Don't judge me.
I read Jurassic Park as a kid and remember loving it since I didn't have the money to go see the movie when it first came out, but I was an undiscriminating twelve years old at the time. I felt the stirrings of adventure covering Stanley's escapades in Africa teaching imperialism and decided to give Congo a go, and man was I impressed. I don't think I fully appreciated Crichton's attention to scientific detail in anything I've ever read of his before. Congo tells a story that's at the intersection of insatiable cutting-edge corporate greed and the drive and ambition of pure science. A corporate-funded jaunt into the Congo to look for a natural source of ultra-rare type II blue diamonds for next generation optical computers violently and mysteriously disappears. Hoping to get back in the game and to edge out the competition Earth Resources Technologies sends in a back-up team led by an insanely book smart and ambitious Karen Ross with the support of mercenaries and the erudite, but self-absorbed primatologist Dr. Elliot and his gorilla Amy, who's been troubled by nightmares of a mysterious lost city that just so happens to be near the site of the purported diamond mine jackpot. The ensuing adventure is both romantic and scientific and Crichton's writing strongly reminded me of the best of Arthur C. Clarke - informative, daring and exciting all in one. Crichton, like Clarke, seems to have mastered the skill of the academic aside, seamlessly transitioning between narrative and well-researched (often footnoted) information dumps that are as colorful as the best of BBC's Planet Earth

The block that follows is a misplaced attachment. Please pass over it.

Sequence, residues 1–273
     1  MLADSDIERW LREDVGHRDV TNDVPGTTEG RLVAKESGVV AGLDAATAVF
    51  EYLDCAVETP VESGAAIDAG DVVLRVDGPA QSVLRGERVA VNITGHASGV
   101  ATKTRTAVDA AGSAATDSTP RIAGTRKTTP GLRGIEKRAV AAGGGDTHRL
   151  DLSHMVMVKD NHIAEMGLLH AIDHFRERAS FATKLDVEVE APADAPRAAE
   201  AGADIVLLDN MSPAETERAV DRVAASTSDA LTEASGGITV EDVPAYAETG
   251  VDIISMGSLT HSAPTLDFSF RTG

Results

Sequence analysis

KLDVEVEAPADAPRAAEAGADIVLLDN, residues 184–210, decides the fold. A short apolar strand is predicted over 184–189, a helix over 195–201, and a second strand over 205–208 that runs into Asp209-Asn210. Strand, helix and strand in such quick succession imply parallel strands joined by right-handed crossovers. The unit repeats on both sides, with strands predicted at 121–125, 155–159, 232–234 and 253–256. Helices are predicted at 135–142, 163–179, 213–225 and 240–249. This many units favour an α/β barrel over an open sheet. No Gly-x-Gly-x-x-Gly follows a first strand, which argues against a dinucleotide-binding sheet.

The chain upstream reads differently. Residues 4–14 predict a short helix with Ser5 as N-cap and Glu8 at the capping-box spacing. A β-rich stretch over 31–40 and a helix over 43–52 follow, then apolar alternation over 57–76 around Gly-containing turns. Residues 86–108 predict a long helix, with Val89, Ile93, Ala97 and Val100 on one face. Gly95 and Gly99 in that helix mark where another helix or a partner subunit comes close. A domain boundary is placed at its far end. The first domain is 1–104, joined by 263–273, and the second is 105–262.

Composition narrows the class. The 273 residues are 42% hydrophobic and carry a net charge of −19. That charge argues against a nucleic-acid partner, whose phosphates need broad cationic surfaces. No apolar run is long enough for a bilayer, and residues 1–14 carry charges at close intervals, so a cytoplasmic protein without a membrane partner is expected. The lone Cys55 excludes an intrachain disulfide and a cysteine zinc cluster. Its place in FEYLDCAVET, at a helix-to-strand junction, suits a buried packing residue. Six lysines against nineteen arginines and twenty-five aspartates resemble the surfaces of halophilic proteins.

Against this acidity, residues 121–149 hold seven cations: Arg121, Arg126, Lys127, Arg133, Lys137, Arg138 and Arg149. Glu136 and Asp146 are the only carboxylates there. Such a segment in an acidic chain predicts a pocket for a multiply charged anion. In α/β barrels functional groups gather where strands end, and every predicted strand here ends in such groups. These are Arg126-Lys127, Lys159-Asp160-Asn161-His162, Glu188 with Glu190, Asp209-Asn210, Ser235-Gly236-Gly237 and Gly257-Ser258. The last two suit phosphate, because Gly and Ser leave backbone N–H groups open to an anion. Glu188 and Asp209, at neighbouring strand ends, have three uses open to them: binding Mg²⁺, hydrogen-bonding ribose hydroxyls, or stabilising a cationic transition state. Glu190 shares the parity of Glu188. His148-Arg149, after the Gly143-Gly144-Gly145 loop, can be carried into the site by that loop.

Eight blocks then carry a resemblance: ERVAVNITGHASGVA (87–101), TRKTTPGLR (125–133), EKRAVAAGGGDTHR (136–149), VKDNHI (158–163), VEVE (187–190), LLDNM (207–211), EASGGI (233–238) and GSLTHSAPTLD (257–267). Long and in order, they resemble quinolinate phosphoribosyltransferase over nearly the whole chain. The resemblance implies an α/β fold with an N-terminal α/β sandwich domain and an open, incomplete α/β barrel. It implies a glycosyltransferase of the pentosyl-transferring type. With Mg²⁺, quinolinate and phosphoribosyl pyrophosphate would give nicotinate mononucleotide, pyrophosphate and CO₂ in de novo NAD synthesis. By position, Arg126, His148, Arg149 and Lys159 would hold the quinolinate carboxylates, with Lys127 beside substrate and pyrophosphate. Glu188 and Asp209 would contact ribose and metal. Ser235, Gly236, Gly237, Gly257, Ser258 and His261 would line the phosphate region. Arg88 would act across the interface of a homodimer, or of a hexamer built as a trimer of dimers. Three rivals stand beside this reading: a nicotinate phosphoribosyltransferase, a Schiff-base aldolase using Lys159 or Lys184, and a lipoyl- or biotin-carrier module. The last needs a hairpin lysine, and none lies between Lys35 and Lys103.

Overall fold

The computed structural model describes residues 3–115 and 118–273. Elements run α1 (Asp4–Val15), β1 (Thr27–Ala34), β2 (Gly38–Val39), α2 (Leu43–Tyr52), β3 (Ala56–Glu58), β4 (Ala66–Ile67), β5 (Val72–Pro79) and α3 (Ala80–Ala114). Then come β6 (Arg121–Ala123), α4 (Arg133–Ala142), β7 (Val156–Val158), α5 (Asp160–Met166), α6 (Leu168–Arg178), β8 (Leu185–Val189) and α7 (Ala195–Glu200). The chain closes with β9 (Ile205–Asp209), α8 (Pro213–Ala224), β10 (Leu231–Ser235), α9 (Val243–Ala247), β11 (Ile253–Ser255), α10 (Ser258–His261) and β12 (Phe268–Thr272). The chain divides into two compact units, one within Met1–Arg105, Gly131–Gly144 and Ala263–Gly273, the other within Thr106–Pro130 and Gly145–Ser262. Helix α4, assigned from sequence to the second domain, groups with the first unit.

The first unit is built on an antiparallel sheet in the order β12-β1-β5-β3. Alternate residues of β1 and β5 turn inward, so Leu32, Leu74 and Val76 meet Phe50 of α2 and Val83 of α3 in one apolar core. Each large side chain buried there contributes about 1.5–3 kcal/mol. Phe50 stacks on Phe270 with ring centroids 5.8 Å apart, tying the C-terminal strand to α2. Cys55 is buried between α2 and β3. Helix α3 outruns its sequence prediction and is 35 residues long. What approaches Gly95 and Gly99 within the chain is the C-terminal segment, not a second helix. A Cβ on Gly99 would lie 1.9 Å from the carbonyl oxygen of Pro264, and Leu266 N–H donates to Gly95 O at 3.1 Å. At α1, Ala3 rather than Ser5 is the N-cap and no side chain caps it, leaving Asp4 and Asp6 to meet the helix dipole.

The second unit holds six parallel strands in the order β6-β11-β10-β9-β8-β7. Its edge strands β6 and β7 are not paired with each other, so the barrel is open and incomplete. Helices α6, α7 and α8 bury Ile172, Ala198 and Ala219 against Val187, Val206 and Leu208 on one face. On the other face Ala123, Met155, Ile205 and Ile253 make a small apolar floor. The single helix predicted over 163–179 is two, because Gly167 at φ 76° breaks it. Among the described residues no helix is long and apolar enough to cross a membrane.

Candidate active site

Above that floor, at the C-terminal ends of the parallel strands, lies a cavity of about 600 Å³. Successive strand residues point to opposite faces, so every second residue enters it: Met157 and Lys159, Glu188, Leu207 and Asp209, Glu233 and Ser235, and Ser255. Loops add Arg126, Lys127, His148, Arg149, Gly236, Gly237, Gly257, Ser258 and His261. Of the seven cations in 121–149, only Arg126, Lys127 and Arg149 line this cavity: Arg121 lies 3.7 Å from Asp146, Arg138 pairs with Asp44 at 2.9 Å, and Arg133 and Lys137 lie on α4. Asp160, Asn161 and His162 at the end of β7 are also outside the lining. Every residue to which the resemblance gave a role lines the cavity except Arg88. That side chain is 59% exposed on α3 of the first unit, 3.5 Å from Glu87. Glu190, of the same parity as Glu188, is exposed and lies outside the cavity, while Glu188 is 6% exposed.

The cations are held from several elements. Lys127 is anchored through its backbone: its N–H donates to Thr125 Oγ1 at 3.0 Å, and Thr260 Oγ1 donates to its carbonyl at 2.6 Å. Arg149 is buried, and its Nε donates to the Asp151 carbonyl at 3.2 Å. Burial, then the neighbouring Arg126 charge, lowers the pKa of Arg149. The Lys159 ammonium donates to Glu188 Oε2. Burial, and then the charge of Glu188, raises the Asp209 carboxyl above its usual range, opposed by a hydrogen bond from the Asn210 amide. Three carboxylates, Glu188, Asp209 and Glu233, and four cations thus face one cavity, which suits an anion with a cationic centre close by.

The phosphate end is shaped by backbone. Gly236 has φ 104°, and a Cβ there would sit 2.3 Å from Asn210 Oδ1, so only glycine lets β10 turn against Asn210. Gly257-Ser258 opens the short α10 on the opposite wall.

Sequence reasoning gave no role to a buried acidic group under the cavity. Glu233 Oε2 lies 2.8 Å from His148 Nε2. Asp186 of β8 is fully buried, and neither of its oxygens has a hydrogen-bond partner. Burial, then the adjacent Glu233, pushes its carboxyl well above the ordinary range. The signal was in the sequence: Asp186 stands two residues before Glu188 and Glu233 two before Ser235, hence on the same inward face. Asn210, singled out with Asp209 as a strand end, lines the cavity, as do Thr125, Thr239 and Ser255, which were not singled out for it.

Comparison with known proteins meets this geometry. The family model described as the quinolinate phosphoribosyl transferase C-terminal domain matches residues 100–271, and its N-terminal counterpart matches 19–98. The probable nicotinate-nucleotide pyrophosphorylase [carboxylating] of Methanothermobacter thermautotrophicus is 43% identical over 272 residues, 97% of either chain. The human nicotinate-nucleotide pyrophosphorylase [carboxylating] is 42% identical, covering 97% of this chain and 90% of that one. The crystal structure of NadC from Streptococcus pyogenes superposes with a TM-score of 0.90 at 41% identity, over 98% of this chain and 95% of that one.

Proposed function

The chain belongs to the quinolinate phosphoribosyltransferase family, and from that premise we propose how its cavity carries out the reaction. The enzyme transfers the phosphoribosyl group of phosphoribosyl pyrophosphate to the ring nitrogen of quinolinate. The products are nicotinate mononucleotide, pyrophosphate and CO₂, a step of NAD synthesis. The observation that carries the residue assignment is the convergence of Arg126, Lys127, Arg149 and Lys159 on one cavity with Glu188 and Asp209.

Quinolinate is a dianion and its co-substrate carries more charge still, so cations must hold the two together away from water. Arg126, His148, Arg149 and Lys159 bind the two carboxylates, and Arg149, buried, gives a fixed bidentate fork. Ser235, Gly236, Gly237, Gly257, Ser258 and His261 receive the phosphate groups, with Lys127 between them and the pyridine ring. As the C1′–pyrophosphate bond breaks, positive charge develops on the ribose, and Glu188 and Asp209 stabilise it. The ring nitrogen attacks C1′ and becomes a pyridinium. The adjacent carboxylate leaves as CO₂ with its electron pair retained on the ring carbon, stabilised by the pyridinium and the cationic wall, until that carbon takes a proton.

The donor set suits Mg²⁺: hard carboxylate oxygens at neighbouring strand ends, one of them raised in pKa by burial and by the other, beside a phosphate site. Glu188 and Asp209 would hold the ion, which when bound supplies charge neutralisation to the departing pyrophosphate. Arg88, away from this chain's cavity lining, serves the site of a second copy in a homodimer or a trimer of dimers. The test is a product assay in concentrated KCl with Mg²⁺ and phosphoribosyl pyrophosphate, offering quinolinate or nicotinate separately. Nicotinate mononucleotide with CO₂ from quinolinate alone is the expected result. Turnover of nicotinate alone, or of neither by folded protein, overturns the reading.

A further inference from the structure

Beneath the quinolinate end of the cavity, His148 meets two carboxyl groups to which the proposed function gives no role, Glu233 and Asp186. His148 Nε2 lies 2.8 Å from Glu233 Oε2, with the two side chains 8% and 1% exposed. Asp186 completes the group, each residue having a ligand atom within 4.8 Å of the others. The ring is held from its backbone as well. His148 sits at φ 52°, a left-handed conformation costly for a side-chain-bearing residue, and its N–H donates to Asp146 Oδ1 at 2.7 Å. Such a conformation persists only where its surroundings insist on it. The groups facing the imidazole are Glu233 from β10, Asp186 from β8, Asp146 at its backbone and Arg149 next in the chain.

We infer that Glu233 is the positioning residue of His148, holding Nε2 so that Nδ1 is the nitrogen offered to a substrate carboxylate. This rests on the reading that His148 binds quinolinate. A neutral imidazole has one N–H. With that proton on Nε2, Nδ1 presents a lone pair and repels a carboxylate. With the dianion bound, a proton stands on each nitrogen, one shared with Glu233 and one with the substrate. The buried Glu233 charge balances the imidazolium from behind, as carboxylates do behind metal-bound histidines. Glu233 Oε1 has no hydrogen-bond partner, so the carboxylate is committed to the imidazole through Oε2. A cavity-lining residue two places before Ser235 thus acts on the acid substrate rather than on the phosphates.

Crichton was way ahead of his time. Published in 1980, the book utilizes what must have seemed like purely fictional gadgetry that is relatively common place and in use today. In fact, if it hadn't been for the explicit reference to political developments in the central African region dated to the 70s, I'd have thought the story was taking place in the early part of the 21st century. All of the technology is within the realm of the plausible, and never the product of pure invention to satisfy particular plot points, as is so often the case in science fiction. The technology is made to serve the story and the story at times feels like a vehicle for spreading the joy of discovery, the wonder of the natural world and a conservation ethos. Braniacs are the heroes rather than gunslinging cowboys and there's a lot of interesting anthropological anecdotes and observations along the way too.
Purely superficial, but I could still revel in the romance of the old-school adventure/travelogue story, especially where lost cities and new undiscovered species are concerned. I'm going to have to give the rest of Crichton's works a look.